When you think of Savannah, you immediately think of the city’s rich creative cultural life. Whether it’s SCAD, a thriving film industry or one of the many other creative endeavors that exist within the city, Savannah has long-defined itself as a thriving arts capital. But as much as visual arts creeps into every corner of Savannah, performing arts, specifically theater, have only recently started to regrow and shape the city with the same solid force as the visual arts.
Which makes what Savannah Stage Company so dang cool. The organization that beings accessible professional theatre with both imagination and bravery has made a serious mark on Savannah since their inception in 2012, where not only started Savannah’s premier professional theater troupe, but made the experience of theater completely accessible, whatever your pay grade happened to be. Since then, they have brought productions of The Wizard of Oz, The Scarlett Letter, The Call of the Wild and plenty more, all with their own fingerprint, further defining themselves as theatrical innovators. We sat down with Jayme Tinti, Co-founder and Artistic Director and Wesley Pridgen, Co-founder and Technical Director, to talk about the journey of Savannah Stage Company, as well as what it means to meet the challenges with imagination and the brave storytelling that have gotten them to their 5th Season.
Creative Coast: Talk to me a little bit about Savannah Stage Company and what y’all do.
Jayme Tinti: We work hard to provide accessible theater to Savannah, first and foremost. This looks a couple of different ways: We have what we call our main stage season. We also do a lot of touring. I would say that is one of the things that we do to fulfill our mission of accessibility. So we go out to schools and libraries and nursing homes, and these weird places in backwoods Georgia that I had never heard of; I had to look it up on Google Maps when they called us. We can take what we do, which is the bravery, the imagination, the action-driven story-telling, to people who literally would otherwise never see it.
Wesley Prigden: And the accessibility not even just being able to tour and go to places, but also for the price that we take it to. Everything that we do has a pay-what-you-can policy.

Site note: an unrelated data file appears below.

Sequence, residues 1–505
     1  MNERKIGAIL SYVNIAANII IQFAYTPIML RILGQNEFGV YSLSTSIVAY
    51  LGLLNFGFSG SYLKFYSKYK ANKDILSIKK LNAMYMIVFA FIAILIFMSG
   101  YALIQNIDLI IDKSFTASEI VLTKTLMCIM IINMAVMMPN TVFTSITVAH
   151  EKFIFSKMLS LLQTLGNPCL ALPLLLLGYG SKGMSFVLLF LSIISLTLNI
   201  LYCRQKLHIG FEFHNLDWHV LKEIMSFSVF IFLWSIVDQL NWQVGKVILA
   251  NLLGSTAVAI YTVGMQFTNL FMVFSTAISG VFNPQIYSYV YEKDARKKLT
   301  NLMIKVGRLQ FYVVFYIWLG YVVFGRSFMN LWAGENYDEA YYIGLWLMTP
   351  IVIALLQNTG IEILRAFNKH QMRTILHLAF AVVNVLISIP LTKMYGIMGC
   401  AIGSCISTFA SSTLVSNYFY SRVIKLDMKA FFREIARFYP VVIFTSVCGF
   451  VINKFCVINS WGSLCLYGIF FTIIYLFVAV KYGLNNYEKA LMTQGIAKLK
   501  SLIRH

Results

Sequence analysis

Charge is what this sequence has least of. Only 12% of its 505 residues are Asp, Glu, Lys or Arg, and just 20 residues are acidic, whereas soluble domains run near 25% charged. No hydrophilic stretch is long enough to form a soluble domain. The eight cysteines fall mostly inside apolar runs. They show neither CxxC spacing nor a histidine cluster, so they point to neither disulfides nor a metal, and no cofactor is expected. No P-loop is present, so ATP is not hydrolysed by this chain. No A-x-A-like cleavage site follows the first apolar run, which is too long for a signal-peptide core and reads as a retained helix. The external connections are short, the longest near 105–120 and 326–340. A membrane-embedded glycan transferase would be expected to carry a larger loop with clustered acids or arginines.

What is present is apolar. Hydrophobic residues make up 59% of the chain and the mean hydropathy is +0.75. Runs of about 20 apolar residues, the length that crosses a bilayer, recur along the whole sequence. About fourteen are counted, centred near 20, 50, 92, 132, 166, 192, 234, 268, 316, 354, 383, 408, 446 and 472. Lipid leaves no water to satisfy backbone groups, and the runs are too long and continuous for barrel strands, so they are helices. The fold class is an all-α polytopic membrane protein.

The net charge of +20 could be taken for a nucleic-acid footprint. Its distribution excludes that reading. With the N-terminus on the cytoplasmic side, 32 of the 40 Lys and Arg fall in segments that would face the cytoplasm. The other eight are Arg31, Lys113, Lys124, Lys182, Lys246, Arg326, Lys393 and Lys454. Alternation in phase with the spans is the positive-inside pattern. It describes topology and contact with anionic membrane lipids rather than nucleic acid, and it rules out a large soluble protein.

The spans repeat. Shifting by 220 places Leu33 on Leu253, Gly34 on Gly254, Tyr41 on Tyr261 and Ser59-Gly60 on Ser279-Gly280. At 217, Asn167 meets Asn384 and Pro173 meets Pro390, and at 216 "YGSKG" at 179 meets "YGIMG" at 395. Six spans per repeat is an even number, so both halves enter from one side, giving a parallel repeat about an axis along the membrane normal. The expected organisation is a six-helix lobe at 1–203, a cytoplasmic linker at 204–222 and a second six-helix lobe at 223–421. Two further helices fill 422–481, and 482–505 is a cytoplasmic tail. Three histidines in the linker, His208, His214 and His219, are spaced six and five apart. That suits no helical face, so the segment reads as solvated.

JT: Some people can pay what is considered full price and then there’s some people who pay an absolute fraction of that. It’s the same whether we tour or have a show in town. We ask $15 dollars, but that isn’t accessible to every person, so people come up to the box office and pay absolutely whatever they can, and sometimes that means nothing. They get a program, they take a seat, and they get to experience theater in the same way that the person next to them who can pay $15 dollars was able to.
CC: That’s awesome. So, can y’all talk to me a little bit about your genesis story? Are you all originally from Savannah or how did you get here? And then, how did Savannah Stage get here?
WP: We moved here specifically to do this. We were at a place in our lives where we could have gone anywhere. We had been working in professional theater. We saved all of our money, and we could have to gone Austin, Portland, Atlanta or other cool places, but we chose specifically to come here because we saw a lack of what we wanted to do in the area. There were five of us originally: Jayme, myself, my brother Bryan, Liz, and our friend Ethan. Myself, Bryan and Ethan all grew up in Wilson, North Carolina. Jayme came from Chattanooga, and Liz, who is our fifth founder, she was from Atlanta.
In the summer of 2010, Jayme and Bryan initially were like, “Hey, we might be able to do this theater company thing and actually open up a theater company,” so started talking, and we had always liked Savannah. We came here and visited, just like a short trip, and it was like, “We got to come here!”